The Republic of Cyprus will not consent to the opening of any (of the five) chapters, if Turkey does not fulfil its obligations as per the Negotiating Framework and the Ankara Protocol,” President Anastasiades said after meeting Tusk in Nicosia.
“It is unwarranted, counter-productive, not to mention unacceptable, not by President Tusk, to shift the burden of responsibility for the migration crisis on my shoulders or on the shoulders of the Republic of Cyprus,” he said.
This was a clear reference to Tusk trying to reassert his position in EU affairs, having been sidelined last week by Angela Merkel, who wanted to push her own agenda to appease Turkish concerns in the EU accession-for-migrant-aid deal.
Responding, Tusk said that he was not in Nicosia to exert pressure on Cyprus. “I am here to listen to your positions ahead of the EU Council this week,” he noted.
He stressed that when it comes to accession, “I want to make it clear that the rules have not changed. The same strict conditionality applies and moving forward will still require the agreement by all 28.”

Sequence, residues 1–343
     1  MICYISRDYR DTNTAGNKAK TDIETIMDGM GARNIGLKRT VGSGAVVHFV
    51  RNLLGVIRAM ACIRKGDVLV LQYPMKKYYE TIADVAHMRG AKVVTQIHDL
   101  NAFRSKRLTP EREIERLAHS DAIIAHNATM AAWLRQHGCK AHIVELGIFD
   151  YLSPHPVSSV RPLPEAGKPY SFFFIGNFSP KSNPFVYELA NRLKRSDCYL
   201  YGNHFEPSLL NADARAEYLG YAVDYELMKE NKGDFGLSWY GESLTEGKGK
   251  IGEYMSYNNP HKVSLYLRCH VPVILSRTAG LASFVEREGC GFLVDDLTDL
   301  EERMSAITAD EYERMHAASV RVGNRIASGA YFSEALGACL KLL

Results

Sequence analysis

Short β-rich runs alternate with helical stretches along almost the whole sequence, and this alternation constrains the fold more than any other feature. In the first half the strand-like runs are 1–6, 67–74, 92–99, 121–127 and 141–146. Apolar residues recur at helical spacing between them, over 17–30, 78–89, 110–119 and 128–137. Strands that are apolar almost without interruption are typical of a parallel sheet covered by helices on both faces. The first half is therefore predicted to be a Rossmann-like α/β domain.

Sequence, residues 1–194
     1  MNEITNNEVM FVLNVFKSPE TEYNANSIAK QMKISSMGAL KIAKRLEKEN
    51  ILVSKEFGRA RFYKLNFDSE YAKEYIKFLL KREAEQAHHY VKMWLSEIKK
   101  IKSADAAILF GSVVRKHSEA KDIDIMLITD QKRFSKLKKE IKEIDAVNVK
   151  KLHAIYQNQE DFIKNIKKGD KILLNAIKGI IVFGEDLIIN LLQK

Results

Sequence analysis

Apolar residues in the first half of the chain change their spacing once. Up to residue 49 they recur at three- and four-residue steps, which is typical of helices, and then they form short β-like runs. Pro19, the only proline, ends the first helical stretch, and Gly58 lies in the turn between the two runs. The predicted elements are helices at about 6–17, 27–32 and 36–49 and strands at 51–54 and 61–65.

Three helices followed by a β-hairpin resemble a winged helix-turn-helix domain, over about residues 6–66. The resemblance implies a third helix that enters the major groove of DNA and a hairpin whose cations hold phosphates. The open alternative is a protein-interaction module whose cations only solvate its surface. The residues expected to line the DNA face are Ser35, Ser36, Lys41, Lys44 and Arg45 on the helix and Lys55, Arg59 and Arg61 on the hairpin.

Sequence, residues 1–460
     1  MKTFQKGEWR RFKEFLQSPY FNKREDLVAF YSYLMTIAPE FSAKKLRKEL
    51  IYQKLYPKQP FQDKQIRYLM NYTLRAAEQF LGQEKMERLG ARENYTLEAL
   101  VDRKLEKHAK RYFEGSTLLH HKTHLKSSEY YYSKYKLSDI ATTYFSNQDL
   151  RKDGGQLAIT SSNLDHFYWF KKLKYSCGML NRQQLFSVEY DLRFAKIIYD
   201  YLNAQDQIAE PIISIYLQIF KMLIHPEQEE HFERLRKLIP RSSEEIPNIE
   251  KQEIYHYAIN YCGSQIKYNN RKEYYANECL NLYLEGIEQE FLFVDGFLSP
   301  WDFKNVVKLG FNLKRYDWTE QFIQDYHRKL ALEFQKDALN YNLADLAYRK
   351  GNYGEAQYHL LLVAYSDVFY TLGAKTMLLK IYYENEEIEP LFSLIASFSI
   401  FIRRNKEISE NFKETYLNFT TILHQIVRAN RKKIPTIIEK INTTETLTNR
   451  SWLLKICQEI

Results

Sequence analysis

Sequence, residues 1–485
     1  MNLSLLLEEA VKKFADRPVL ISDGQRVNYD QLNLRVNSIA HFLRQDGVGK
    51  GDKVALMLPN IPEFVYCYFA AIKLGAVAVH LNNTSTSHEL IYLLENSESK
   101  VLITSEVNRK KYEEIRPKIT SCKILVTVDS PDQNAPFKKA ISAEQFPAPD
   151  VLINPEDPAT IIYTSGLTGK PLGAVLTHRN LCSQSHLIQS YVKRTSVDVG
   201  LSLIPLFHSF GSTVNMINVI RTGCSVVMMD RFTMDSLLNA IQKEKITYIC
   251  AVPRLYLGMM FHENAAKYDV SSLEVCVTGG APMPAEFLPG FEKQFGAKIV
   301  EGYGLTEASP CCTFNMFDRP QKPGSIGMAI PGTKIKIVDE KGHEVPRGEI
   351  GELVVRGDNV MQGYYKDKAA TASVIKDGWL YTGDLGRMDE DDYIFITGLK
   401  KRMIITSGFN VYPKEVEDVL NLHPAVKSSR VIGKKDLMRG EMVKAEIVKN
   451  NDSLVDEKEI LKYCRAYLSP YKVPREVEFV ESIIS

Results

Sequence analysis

“No third country can ever be more important to me than any of our member states,” Tusk declared. Furthermore he expressed his full support to the ongoing efforts for a settlement in Cyprus.
In his statements, Anastasiades expressed his satisfaction for the objective stance he adopted both during the recent European Councils and during Tuesday’s meeting. “A stance that corresponds with the President’s institutional capacity as the guardian of the EU’s principles and values,” he added.
He said that during the meeting, they exchanged ideas and concerns as regards the upcoming European Council.
Anastasiades noted that Cyprus, “as Turkey’s EU closest neighbour, has always been a strong supporter of Turkey’s full accession to the EU, on the condition of course that Turkey fulfils its obligations.”